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Perhaps I shouldn’t listen to music while I run. But here’s the thing: I work in a library, and then at home I spend an hour or two quietly writing. I don’t get a lot of time for listening to music, and I really like music, so poking the earbuds in and turning up the tunes is a great way to relax and clear my head while I’m laboring up the road. But because of work and writing, I also don’t get to spend a lot of time outdoors, experiencing nature and the elements, which is at least ironic for someone writing about the seasons and how they affect us.

On Saturday morning, a sunny, warm morning with the humidity just beginning to climb, I was about a mile up Telegraph Road when through the music playing in my head I heard a strange noise. I paused and took the earbuds out. Just to my left stood a thick copse of small trees, through which a brisk wind was rustling. The leaves danced and the trees bowed slightly, and I stood and watched for a moment. Of course the breeze had been blowing all along, but I scarcely noticed until the rustling in the trees made it apparent. After a few minutes I ran on, feeling strangely enriched.

Almost everyone, when asked, can name a favorite season. For most people, it is either spring or autumn, and when pressed to explain, you will learn that it is usually the transition into that season that they most cherish: the first warm days of spring, the first chilly days of autumn, when the heat of summer finally begins to abate. It is change we appreciate. I think that it feels like anything is possible in a time of change.

Yes, there are people (you meet them at work, usually) who will tell you they hate change. New processes, new rules, new procedures. But this is something different. A change in your surroundings, in the environment. Let’s get out the sweaters, let’s cook a pot of soup, let’s plan a vacation. The weather is changing.

There is a quote I use in the introduction to The Varied God. It comes, as many quotes do, from Mark Twain. In comparing the climate of New England to that of California, he writes that ‘no land without four clearly defined seasons can be really beautiful.’ It’s a long quote, and I won’t give it all here, but he concludes that ‘change is the handmaiden nature requires to do her miracles with.’ Mark Twain was from Missouri, and so am I, so I know what he means. But there are millions of people from other areas where there are four seasons who will sympathize. There are also millions of people living in such areas who cannot wait to retire to Florida or Nevada to escape the inevitability of winter weather. I often wonder if these are the same people who hate change at work.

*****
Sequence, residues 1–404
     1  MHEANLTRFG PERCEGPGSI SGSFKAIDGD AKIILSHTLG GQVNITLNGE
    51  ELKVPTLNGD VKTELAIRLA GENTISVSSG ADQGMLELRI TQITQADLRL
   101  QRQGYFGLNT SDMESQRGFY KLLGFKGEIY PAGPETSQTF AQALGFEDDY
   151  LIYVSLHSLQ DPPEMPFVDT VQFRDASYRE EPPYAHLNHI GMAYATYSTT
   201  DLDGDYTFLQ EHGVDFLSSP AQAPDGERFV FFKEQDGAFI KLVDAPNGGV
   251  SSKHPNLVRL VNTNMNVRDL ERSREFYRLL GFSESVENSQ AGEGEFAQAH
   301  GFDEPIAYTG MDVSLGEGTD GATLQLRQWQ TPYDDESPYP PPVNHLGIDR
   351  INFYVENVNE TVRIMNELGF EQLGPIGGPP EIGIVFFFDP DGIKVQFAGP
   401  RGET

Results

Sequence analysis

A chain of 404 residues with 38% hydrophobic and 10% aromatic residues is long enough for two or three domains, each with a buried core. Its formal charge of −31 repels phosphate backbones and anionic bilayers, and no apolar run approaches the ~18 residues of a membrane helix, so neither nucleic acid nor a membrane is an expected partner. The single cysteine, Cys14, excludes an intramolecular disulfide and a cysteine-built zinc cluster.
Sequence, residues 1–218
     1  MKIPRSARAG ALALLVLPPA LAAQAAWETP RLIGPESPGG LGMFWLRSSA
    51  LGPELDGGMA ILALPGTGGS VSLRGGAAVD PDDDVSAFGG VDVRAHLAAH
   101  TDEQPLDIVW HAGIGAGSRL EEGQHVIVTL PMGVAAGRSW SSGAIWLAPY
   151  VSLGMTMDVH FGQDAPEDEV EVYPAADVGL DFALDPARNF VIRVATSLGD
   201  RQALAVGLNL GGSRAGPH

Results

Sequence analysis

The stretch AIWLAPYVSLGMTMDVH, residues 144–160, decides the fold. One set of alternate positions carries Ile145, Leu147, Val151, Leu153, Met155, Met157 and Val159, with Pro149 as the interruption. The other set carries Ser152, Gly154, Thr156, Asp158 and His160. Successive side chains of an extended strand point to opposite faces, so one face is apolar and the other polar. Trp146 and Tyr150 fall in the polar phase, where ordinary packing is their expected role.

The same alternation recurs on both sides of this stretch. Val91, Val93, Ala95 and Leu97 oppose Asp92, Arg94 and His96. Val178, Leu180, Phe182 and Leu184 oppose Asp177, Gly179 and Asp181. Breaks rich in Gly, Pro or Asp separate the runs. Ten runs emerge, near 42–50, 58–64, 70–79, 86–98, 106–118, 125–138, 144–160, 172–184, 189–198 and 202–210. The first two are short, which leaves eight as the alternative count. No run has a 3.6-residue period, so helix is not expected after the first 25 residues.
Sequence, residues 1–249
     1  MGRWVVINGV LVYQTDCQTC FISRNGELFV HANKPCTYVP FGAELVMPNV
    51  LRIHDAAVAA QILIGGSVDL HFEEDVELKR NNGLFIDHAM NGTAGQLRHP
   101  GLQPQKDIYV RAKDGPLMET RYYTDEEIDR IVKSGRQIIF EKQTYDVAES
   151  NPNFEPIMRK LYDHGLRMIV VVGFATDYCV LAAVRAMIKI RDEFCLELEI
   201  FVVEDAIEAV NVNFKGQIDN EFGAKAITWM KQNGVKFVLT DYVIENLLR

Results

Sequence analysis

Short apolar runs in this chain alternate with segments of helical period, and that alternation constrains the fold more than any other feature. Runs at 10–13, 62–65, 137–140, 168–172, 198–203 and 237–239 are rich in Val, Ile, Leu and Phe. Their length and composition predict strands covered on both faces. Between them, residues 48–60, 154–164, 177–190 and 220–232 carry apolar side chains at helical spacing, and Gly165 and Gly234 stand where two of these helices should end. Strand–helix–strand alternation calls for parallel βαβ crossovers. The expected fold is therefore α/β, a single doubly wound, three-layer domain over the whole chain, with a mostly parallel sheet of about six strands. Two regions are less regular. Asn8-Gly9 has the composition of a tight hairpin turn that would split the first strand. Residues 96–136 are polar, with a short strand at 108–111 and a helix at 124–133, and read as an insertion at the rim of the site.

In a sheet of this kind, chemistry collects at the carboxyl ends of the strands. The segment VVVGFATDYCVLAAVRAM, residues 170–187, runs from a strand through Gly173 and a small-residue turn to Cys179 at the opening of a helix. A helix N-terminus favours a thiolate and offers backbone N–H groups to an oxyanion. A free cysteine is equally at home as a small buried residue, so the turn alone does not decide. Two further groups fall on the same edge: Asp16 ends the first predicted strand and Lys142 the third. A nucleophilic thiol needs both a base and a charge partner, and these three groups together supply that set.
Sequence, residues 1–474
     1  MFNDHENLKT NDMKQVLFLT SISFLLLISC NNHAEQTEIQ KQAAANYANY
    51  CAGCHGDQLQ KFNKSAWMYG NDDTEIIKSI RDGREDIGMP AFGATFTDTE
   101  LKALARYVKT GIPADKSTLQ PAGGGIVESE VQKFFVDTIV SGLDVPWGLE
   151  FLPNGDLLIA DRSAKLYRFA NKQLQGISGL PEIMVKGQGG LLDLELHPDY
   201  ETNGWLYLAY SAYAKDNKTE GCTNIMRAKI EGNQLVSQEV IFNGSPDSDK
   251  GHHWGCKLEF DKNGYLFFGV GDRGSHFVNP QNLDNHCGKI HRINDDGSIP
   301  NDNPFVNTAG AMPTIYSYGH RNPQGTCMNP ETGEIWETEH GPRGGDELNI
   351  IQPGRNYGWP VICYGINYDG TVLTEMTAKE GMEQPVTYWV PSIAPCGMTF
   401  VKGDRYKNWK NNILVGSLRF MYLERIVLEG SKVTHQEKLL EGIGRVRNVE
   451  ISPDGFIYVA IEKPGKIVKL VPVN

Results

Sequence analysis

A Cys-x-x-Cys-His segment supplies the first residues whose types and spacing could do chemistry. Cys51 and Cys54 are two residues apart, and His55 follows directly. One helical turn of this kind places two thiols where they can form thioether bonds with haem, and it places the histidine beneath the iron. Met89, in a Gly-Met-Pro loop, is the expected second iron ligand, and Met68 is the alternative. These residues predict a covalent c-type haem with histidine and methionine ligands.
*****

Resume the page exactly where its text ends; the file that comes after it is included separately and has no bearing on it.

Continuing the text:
There is something about a wind that has always symbolized change. The phrase ‘winds of change’ is an oft-used cliche. There are winds of change songs and essays and book titles: people cite the winds of change sweeping the land in speeches both fiery and profound. The fact is, a wind usually does indicate some kind of change. Winds are the leading edge of high or low pressure patterns that are bringing some kind of change, warmer weather, hotter weather, rain or snow. Winds do change things–that’s what makes the cliche so compelling, so that no matter how often someone refers to the winds of change, we all know what they mean.

On the Saturday morning I am talking about, the wind was bringing a warm front and a hot, muggy weekend. Nothing much to like there, even if the moment of listening to the wind in the trees was mesmerizing. I almost missed it, listening to music while I ran, and I wonder if I should leave the earbuds at home from now on. Sometimes reliving one short moment, such as standing by the roadside and listening to the wind in the trees, can make whatever follows more bearable. We all need more moments like that.

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